In the midst of the recent handmade revival, Jordan Askill proudly uses high tech to design his sculptures and jewelry. It’s not that the Sydney native doesn’t have a fondness for all things natural, just that he chooses futuristic methods to express his love, capturing the wild grace of galloping horses, for instance, through software and hard cast-iron. Askill caught the jewelry bug while working as a studio assistant at Dior Homme in Paris before starting his eponymous line and its newer offshoot, Jordy. But his imagination eventually led him to much bigger, and more complex sculptural replications of his visions. We chatted with Askill from his London studio, smack in the middle of his production cycle.
How do you go from a computer design to a finished piece?
I take a 3-D scan of a found object that I want to use, or I’ll create a base shape in the computer and sculpt them from there. Then I make a 3-D print out, so the design comes out as a little wax object. Afterward, I have crystal carved using the wax prototype, or I make a mold of the prototype to cast the final product. If it hasn’t come out exactly correct, I’ll embellish it by hand. So things have two processes, which is important to me, because I don’t want people to entirely forget about the old artisan techniques.
What does technology add to your work?
I just love the fact that with digital technology you can create one complete piece that has direct symmetry and organization. So, in a way, it’s all completely organic and uniform because there’s no glue or pieces joined together. Keep it as clean and as pure as possible. You don’t find glue in a rock or in a wave, it’s just one pure form.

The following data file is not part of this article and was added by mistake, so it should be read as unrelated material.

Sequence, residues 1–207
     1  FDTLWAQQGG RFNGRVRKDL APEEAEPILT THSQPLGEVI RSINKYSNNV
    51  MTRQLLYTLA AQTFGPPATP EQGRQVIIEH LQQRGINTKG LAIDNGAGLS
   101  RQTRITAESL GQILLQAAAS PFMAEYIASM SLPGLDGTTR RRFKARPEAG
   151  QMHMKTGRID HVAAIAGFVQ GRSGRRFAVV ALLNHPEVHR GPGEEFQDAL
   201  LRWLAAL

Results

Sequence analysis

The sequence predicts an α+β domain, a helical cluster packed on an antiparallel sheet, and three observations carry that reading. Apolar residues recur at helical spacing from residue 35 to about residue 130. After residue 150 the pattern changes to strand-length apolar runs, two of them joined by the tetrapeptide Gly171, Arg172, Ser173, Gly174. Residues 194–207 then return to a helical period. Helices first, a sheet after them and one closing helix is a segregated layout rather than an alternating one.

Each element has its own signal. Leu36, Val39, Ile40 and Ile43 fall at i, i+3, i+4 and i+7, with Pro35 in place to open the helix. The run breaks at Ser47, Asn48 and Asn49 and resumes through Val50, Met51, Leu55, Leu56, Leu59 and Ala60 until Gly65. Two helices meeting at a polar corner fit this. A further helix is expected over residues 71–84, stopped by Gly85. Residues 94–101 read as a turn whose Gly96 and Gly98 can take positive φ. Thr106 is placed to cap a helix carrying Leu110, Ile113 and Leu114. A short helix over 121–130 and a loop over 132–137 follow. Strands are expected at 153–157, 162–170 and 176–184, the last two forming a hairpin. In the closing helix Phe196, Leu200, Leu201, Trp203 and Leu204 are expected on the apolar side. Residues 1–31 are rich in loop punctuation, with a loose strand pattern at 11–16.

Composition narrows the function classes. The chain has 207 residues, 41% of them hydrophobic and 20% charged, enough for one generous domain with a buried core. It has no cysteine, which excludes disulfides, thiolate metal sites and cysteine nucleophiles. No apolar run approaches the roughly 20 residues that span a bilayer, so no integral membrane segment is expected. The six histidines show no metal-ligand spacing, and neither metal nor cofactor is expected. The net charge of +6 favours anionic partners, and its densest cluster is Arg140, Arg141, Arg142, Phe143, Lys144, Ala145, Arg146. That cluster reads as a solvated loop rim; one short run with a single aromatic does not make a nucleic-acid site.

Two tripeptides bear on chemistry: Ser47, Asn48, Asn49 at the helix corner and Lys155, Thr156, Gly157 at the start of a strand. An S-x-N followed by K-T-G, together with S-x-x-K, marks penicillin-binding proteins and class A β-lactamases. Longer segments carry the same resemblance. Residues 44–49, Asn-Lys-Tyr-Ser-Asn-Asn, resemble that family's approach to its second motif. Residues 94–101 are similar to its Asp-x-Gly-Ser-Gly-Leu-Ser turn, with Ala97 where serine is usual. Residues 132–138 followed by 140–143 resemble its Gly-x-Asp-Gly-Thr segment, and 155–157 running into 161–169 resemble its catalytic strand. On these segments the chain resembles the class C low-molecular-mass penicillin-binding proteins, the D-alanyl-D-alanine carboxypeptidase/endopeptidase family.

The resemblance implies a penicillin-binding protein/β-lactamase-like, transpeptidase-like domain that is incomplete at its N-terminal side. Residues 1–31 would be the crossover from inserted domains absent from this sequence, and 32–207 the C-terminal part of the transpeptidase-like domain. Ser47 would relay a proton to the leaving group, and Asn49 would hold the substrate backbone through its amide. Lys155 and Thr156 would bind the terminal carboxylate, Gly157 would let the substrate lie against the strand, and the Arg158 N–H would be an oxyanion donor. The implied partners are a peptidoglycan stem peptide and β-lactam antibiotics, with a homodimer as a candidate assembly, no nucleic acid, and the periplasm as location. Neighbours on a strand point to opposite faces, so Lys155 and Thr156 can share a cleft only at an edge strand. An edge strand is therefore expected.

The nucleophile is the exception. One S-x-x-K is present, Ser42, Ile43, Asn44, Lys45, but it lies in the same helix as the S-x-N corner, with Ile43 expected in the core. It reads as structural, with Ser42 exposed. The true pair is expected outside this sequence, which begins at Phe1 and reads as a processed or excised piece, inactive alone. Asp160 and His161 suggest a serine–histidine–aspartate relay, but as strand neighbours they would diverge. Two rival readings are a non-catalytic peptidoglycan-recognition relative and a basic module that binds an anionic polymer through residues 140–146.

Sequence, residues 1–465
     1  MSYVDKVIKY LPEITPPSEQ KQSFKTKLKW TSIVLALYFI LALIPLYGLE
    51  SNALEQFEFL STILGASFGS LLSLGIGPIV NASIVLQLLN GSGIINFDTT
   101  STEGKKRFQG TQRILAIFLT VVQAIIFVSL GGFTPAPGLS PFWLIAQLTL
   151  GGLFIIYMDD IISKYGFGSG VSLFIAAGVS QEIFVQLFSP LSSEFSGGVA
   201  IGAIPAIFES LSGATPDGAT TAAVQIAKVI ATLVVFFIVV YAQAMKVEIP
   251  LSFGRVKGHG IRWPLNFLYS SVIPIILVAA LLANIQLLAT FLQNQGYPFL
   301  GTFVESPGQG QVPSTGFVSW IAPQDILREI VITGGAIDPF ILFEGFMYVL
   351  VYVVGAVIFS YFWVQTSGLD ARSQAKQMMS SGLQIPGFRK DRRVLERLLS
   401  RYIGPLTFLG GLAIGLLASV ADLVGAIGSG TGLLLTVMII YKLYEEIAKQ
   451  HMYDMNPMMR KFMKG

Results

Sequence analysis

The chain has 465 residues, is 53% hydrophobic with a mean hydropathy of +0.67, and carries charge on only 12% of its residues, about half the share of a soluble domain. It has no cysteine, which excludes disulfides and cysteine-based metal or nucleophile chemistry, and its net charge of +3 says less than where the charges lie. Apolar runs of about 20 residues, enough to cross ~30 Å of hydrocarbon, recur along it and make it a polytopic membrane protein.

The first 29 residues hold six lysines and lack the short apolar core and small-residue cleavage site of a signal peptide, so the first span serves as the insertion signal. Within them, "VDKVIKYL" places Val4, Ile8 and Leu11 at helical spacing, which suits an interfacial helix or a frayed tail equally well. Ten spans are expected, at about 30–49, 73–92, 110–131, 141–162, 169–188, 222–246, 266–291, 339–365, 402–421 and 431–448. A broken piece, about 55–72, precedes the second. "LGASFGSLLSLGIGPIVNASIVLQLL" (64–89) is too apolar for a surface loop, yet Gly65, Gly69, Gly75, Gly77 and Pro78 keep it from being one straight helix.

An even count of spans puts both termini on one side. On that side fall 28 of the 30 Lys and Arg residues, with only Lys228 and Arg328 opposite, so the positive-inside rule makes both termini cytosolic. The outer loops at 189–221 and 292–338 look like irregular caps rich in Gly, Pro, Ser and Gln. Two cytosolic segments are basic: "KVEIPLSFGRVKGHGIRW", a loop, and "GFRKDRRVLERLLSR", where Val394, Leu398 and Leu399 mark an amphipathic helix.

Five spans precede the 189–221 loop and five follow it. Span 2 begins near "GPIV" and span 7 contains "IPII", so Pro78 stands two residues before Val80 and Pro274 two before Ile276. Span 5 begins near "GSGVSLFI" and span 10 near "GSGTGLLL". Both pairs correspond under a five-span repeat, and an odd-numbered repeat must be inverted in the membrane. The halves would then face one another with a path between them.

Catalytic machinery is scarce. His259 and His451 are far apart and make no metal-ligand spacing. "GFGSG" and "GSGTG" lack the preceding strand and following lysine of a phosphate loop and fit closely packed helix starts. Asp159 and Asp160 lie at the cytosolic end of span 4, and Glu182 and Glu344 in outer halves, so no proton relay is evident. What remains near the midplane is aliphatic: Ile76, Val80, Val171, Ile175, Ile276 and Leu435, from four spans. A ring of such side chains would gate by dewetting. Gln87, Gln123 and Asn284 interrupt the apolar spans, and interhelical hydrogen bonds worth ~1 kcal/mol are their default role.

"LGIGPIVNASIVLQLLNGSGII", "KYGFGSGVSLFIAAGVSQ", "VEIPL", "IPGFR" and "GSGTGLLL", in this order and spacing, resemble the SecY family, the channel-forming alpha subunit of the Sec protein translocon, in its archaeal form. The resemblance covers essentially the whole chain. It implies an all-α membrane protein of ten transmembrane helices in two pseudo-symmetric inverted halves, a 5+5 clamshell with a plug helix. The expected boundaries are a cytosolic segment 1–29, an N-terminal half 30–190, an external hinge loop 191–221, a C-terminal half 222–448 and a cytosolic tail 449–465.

Do you find that the needs for the smaller pieces are different than the larger pieces?
I suppose with the jewelry that I have to be a bit more level-minded about the wearability. And with the sculpture I can just go further and really create the world that I want.
So what’s the appeal in making jewelry over sculpture?
I love this idea of being able to find something precious and put it in your pocket, going around with this thing on you that’s got personal meaning to you.
Growing up, did you keep a lot of jewelry around you?
I’ve got boxes and boxes of trinkets. When I was seven, my parents gave me this big cabinet, all glass and mirrors, and it had a light. I used to spend hours decorating it. It’s still in my parents’ house with all my porcelain ornaments and crystals. My mother was over here while I was setting up an installation, and I was placing all my jewelry around the sculptures, and she was like, “Oh my god, this is exactly what you used to do when you were little.”